Governor Cuomo was subjected to criticism regarding his oversight of LIPA. However, the biggest problem cited is the fact that the authority acts as quasi-independent, even though it is a government organization. Furthermore, in wake of the 39 second conversation, the acting chief executive, Michael D. Hervey, resigned from his position effective at the end of 2012.
The Moreland Commission Response in Wake of Reports on LIPA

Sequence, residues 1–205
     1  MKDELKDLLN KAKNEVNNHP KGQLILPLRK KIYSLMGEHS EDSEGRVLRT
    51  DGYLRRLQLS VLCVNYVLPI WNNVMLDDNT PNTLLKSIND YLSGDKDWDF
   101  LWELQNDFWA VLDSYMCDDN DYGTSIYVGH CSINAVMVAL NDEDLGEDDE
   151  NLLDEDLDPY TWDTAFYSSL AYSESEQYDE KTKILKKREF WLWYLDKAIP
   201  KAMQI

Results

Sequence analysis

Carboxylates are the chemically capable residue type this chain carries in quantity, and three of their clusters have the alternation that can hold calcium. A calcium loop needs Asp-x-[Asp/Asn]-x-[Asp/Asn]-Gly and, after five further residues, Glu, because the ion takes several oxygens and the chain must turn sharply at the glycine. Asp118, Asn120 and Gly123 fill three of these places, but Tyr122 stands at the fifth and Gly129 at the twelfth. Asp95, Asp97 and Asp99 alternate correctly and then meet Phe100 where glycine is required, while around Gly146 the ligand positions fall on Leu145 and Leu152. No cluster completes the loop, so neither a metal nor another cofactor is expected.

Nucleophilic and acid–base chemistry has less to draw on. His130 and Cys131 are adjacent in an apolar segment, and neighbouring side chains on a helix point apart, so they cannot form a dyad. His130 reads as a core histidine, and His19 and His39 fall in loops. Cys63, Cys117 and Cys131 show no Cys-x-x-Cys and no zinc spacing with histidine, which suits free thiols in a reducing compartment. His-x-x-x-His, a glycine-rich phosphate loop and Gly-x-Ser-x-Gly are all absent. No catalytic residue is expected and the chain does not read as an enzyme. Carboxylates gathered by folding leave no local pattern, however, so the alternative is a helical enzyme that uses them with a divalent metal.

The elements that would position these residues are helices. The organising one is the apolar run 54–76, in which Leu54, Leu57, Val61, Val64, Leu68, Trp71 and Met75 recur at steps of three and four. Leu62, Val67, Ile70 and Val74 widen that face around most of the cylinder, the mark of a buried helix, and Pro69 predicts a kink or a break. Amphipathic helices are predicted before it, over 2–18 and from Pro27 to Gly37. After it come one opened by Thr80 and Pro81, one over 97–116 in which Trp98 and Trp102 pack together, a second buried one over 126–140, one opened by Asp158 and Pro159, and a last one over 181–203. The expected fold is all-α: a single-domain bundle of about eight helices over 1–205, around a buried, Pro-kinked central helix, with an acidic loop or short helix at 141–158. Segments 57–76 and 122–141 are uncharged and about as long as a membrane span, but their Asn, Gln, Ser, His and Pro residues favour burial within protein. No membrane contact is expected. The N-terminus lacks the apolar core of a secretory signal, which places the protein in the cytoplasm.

The Moreland Commission released its Interim Report, which included a proposed restructuring of LIPA, on January 7, 2013. The recommendations included that LIPA be replaced by a private utility company, and furthermore, that the Public Service Commission, which regulates the power companies in New York State, should be “beefed up” with more resources and have more power to sanction and punish utility companies. The overall changes may give the Public Service Commission the ability to pull the operating license of the power companies if they do not readily prepare for potential disasters like Superstorm Sandy in the future. The LIPA legislation is outdated in general, and actually exempted LIPA from the oversight of the Public Service Commission. That in itself is problematic because all other power companies are regulated by the Public Service Commission, and would at the very least disrupt state uniformity in regulation. Furthermore, the Commission determined that the relationship between LIPA and National Grid causes severe public confusion about operational and customer service. This is illustrated by the “unusual arrangement” that National Grid and LIPA have. LIPA merely owns and oversees the power grid and the work of National Grid, while National Grid actually supplies the power to keep the grid itself going.